Amphiaraüs

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Amphiaraüs

(ăm'fēərā`əs), in Greek mythology, a prophet, one of the ill-fated Seven against ThebesSeven against Thebes,
in Greek legend, seven heroes—Polynices, Adrastus, Amphiaraüs, Hippomedon, Capaneus, Tydeus, and Parthenopaeus—who made war on Eteocles, king of Thebes.
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. He foresaw the disaster of the expedition, but Polynices bribed his wife, Eriphyle, with the magic necklace of Harmonia, to convince him to go. Before setting out he commanded his sons, Alcmaeon and Amphilochus, to avenge his death and to make a second expedition against Thebes. Amphiaraüs was also one of the Argonauts.
References in periodicals archive ?
Among those topics are proxy incubations and priestly incubation, an illustrated catalog of incubation reliefs from the cults of Asklepios and Amphiaraos, hypnos/somnus and oneiros as evidence for incubation at Asklepieia: a reassessment, Egyptian festivals and divinatory incubation, and whether lepers' visions at Hammat Gader (Emmatha) are a form of incubation in late antique Syria.
Aristophanes and Xenophon both discuss the practice of bathing prior to incubation in Asklepieia, and this practice extended to the healing cult of Amphiaraos as well.
Perhaps the most instructive or suggestive lizards in Archaic art appear on a well-known (if long lost) Late Corinthian krater depicting the story of Amphiaraos, once in Berlin and dated ca.
Around, above, and below the human figures is a large menagerie of assorted creatures: a scorpion on a column of the propylon in front of the chariot, an owl above the horses' heads, a bird and snake above Halimedes, a lizard behind the palace, and beneath Amphiaraos himself a hare, a hedgehog, and another lizard.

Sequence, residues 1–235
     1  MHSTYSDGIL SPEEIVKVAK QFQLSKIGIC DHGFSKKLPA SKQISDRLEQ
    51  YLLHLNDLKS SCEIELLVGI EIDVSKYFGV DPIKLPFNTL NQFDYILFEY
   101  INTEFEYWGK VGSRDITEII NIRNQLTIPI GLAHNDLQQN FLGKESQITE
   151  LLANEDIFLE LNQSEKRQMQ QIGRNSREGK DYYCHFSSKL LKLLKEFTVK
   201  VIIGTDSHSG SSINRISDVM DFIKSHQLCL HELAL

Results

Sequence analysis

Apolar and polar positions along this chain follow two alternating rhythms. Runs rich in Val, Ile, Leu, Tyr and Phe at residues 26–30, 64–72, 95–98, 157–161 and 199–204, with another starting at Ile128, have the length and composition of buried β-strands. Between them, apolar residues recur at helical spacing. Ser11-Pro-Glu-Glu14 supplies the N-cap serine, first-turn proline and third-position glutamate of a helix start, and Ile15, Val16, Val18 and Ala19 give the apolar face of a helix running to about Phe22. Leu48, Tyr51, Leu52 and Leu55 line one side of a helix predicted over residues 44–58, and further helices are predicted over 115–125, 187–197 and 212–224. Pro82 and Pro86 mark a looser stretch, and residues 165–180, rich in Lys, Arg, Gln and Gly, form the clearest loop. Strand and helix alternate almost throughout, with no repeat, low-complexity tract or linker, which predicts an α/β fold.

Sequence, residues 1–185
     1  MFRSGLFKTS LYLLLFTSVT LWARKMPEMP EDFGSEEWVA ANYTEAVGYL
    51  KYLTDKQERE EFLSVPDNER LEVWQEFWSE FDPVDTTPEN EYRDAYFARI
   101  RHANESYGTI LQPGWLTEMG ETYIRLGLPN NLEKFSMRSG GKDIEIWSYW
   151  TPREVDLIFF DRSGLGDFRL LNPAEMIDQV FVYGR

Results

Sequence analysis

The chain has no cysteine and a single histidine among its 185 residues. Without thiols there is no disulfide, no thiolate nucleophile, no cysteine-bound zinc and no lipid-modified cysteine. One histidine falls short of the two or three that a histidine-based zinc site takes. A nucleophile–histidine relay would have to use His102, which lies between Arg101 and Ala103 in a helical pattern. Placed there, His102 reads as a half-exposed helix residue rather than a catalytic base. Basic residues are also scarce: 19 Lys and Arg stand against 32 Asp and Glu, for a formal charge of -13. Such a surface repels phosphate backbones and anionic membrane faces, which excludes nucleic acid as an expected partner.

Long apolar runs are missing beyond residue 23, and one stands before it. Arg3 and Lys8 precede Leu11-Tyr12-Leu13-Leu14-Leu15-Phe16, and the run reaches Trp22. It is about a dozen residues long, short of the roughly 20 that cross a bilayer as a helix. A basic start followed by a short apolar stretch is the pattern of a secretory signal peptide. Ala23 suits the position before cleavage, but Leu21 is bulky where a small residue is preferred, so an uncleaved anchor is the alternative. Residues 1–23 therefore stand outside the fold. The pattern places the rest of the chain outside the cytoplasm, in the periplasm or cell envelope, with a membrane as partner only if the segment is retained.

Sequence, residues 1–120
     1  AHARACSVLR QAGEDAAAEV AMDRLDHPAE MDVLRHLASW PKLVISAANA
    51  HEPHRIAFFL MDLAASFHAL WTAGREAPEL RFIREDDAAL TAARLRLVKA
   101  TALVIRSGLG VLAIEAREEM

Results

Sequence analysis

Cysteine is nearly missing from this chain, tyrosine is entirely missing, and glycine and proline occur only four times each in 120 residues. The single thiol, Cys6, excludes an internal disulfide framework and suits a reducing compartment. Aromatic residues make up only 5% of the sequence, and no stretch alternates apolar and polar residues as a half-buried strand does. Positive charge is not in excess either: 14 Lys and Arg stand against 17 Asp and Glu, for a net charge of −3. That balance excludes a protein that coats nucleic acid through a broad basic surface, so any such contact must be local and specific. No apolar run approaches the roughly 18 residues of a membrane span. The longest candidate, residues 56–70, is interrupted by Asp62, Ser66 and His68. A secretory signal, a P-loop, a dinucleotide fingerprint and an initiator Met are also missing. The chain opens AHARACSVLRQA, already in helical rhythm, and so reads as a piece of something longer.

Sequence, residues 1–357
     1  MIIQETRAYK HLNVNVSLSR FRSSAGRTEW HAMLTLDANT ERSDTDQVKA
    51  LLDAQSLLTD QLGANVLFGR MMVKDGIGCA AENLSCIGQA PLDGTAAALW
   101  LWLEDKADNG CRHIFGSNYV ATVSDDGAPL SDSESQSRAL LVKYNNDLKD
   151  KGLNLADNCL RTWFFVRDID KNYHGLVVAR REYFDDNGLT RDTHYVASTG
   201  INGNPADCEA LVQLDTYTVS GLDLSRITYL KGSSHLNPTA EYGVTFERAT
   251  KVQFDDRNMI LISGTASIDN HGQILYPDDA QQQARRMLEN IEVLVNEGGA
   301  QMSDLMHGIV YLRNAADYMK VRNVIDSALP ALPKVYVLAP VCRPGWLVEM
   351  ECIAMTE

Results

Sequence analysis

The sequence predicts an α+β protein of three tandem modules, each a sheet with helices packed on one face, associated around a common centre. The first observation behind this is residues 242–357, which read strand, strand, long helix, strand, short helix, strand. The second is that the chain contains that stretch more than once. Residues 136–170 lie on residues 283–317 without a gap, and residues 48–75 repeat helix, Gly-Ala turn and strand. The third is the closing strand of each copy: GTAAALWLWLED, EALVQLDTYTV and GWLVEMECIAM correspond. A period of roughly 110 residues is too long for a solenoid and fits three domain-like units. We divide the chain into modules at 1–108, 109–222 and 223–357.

Although the scene on the Arkesilas cup seems innocuous, a suspiciously large number of animals (lizard, birds, monkey) are present in the field, recalling the strange menagerie on the Amphiaraos krater (Fig.
Edlund (1980) interprets the animals on the Amphiaraos krater (and elsewhere) differently, rejecting their ominous connotations and arguing instead that the hedgehog is a symbol of wisdom and courage, the hare a symbol of speed, and the lizard a symbol of endurance or action.
There is, incidentally, another grouping of at least one snake and two lizards on a fragmentary Late Corinthian column krater in the Princeton University Art Museum (2002-157), and though the subject is unclear--chariots and long-robed pedestrians are depicted--in the light of the Amphiaraos krater, the mood should perhaps be taken as similarly dark and foreboding.